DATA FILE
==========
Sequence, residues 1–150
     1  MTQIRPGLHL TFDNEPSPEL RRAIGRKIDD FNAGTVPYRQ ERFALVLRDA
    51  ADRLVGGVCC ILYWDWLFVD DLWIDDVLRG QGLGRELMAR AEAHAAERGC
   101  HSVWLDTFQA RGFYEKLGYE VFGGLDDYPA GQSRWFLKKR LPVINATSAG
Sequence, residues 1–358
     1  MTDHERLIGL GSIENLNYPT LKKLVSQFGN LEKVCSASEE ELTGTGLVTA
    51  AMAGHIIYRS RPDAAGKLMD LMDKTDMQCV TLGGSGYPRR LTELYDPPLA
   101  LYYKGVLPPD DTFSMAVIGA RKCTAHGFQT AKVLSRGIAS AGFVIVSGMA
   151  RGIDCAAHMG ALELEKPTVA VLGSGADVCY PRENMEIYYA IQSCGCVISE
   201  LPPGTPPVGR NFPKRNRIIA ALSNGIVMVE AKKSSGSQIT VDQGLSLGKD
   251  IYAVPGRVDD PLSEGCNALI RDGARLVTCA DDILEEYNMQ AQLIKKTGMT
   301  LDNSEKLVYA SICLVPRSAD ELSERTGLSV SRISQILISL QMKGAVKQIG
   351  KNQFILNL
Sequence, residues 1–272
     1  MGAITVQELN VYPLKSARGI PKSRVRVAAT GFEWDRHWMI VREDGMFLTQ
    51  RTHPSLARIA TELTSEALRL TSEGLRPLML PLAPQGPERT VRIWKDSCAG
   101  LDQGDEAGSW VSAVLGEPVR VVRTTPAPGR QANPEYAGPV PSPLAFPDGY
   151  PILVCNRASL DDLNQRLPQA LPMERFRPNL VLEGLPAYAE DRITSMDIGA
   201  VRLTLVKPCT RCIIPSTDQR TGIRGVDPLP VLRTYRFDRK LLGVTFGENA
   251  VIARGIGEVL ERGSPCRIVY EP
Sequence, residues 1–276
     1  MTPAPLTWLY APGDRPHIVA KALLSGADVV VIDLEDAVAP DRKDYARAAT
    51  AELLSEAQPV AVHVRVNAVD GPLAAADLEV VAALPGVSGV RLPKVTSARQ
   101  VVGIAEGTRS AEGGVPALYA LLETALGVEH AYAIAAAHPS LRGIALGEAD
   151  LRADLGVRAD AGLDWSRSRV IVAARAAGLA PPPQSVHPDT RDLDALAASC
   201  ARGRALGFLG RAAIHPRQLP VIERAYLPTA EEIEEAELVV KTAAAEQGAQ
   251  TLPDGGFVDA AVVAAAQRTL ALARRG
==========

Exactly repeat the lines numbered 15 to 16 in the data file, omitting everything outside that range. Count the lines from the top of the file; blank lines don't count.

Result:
     1  MGAITVQELN VYPLKSARGI PKSRVRVAAT GFEWDRHWMI VREDGMFLTQ
    51  RTHPSLARIA TELTSEALRL TSEGLRPLML PLAPQGPERT VRIWKDSCAG